Those books could be recommending non-wound bass strings -- very common among traditional dulcimer players as it helps give that 'high silvery' sound we love so much.  Fat wound bass strings add a 'mushiness' to the sound of a string which is common and accepted by most as part of "mellow", but not what traditionalists like to hear.  

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39 minutes ago, NoterMan said:

Not sure what you mean about those tunings calling for a middle string and two melody strings, Admin.

I just meant in terms of the string gauges on a "standard" dulcimer, though they're on the very light side even for that.  Gdd is 1-5-5 as you mentioned and these could be played in DAA, but it would be like playing something for a standard dulcimer on a baritone.  The tuning they call for is tuned up to where a ginger dulcimer would sit, but on a 27 inch scale length. You're right that it's asking for an unwound bass string of 0.012 tuned to G and the middle and melody strings being 0.009 tuned to d.

This is from "An Elizabethan Songbook" by Lorraine Lee.  She dedicated 7 pages at the front of the book going into detail on how to setup the dulcimer for these songs, techniques for playing them and her notation.  It's nice that it's there.

I read through that section a bit and there's 4 tuning in total it uses.  Gdd, Gdc, Add, and Adc, all with those thing gauge strings.

The Renaissance Ayres book uses the same tunings, but it doesn't have any explanation on the setup.  It actually spends a page basically saying "you're on your own"
😂 An actual quote from the intro: "Diagrams of dulcimer parts, and elementary books on how to play the dulcimer are easily available; however, since this little book is not intended to be a book of instructions, they are intentionally omitted.  I am also leaving out the musical staff, key and time signatures, etc."  It's just tabs with note names and that's all there is.

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10 hours ago, Nuthin Nu said:

Those are interesting!  Looked at Ebay and didn't see most of them for sale (have another book by Lorraine Lee Hammond (formerly Lorraine Lee)) but will keep looking.  Maybe you'd like Steven K. Smith's sheet music, too?  His books are available here:  https://sksmithmusic.com/books

I saw a copy of An Elizabethan Songbook by Lorraine Lee up there if you're looking for that one.  I couldn't find the others again, but they're sure to come back up. 

Thanks for pointing me to Steve's site, I hadn't seen those before.  I may have to pick up a couple of those.  I love this style of music.

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Not being a collector of Tab books (I play by ear), I know of Lorraine and her reputation as a performer and writer.  That she spends time helping the budding Renaissance player get set up correctly says a lot for the quality of her work.   The other book I've not seen either, but from what you say I don't think I'd trust it.  The author is doing a great dis-service to his(er) audience by not explaining what's going on. 

Playing with thin, unwound strings isn't as uncommon as many dulcimer players think.  If you know of Phyllis Gaskins and the Galax style dulcimer, that's what she uses, and the tradition there is to use all 9 or 10 gauge strings and tune ddd or ccc.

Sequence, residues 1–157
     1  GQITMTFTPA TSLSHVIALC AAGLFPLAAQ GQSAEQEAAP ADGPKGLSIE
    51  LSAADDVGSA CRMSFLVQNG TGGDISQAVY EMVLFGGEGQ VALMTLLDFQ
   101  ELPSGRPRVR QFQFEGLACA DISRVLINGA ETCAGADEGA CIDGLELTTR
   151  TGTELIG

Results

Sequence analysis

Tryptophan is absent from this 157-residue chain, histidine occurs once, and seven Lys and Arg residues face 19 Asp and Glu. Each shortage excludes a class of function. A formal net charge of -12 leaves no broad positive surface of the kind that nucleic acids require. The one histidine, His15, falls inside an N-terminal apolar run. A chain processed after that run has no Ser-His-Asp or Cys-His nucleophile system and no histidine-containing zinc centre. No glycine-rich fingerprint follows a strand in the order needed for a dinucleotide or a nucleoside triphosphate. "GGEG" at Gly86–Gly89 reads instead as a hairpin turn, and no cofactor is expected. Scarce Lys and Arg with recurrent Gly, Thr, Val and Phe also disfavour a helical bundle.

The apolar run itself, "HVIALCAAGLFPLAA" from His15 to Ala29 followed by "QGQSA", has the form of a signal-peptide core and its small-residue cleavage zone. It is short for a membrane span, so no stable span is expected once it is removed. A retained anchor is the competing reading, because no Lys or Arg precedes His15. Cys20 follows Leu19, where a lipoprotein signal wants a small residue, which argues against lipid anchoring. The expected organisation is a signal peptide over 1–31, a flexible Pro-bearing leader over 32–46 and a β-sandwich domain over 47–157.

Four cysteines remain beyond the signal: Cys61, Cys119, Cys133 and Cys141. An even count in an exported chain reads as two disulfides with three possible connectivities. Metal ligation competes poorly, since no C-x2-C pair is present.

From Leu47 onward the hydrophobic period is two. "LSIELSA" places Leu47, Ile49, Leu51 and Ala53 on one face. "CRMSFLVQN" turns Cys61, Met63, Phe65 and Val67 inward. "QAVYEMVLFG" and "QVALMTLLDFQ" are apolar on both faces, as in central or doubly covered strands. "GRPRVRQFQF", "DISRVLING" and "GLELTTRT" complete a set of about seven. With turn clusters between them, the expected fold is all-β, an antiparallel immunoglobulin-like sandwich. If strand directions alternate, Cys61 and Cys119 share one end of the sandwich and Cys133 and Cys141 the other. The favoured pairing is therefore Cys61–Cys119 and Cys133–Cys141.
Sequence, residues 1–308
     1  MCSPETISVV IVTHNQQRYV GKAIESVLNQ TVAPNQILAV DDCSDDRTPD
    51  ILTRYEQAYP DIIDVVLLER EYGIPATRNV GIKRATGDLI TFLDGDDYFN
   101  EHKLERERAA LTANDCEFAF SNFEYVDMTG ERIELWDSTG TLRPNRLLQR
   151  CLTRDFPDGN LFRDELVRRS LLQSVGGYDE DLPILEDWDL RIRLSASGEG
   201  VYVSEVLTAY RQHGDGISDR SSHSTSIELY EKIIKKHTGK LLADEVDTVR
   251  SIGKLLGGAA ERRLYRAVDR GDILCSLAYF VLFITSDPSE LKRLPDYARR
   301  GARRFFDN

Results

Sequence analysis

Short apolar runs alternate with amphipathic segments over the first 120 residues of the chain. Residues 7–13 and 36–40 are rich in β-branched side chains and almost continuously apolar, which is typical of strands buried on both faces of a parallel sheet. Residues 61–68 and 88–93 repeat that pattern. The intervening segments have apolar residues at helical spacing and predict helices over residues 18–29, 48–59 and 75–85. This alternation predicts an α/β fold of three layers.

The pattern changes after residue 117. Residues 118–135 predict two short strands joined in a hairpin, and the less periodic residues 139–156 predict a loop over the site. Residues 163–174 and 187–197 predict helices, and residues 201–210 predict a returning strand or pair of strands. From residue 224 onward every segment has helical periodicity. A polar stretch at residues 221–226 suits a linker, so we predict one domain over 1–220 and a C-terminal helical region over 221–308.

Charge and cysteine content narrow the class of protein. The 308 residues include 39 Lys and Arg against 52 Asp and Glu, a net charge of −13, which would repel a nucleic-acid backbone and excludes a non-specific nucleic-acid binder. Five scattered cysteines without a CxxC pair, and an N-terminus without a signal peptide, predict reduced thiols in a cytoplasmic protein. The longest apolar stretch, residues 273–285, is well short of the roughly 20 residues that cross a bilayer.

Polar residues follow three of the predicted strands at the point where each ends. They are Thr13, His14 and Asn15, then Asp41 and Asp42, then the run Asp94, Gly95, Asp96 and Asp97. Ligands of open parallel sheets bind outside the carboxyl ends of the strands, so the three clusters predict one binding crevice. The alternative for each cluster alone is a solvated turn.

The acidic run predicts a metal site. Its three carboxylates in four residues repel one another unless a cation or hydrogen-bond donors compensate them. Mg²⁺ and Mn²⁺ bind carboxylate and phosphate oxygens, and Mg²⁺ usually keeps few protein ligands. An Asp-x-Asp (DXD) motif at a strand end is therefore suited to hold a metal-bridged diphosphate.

I think I would split the difference between what Lorraine is suggesting, and what the Strothers Calculator says -- perhaps a 13 or 14 bass string and 10 for the middle drone and melody.

It does sound as if you need/want a dulcimer specifically set up for Renaissance music.  Using modern gauges and tunings will certainly render a different sound than the music intended.    Personally I would build a round-backed, deep-bodied, extreme-teardrop dulcimer, to mimic, more or less, the shape of a lute but without a neck. 

Hmmmm... Now where'd I put those wide 1/8" planks....

 

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Posted (edited)

Yeah, the other book (Renaissance Ayres) doesn't go into set up or technique. The intro was probably a bit of an unnecessary turn off. It's essentially just a book of tab, which themselves seem ok, but it's pretty barebones otherwise. 

I unfortunately haven't met Phyllis. I signed up for her Galax class last year, but her husband was ill and she wasn't able to make it. We did get to try out Galax dulcimers, but it was just a brief intro without her there.

Yep, with a couple books using these tunings I'll probably set up a dulcimer for it the next time I need to restring.  I would like to hear how it's intended to sound since Lorraine went into such detail in her book.

That would be great to see a lute style dulcimer. One book I came across (I think Robert Force's) listed the lute style as a major type along with hourglass, tear drop, etc. I believe there was a picture, but I've never seen actually seen one.

Edited by Admin
fixed typo in book name

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The "trick" of a Lute shaped dulcimer is to not cross the line into a stick instrument with a neck.  I would make it a real "teardrop", wide and deep, with a true rounded tail end.  Then I'd add a steeply down-angled peg box.   It would have to be relatively short scaled, so that body would not be too 'stretched' looking.

Hmmm,  I'm in the middle of another project just now, but I'll start looking through my scrap pile and see what wide planks I can come up with...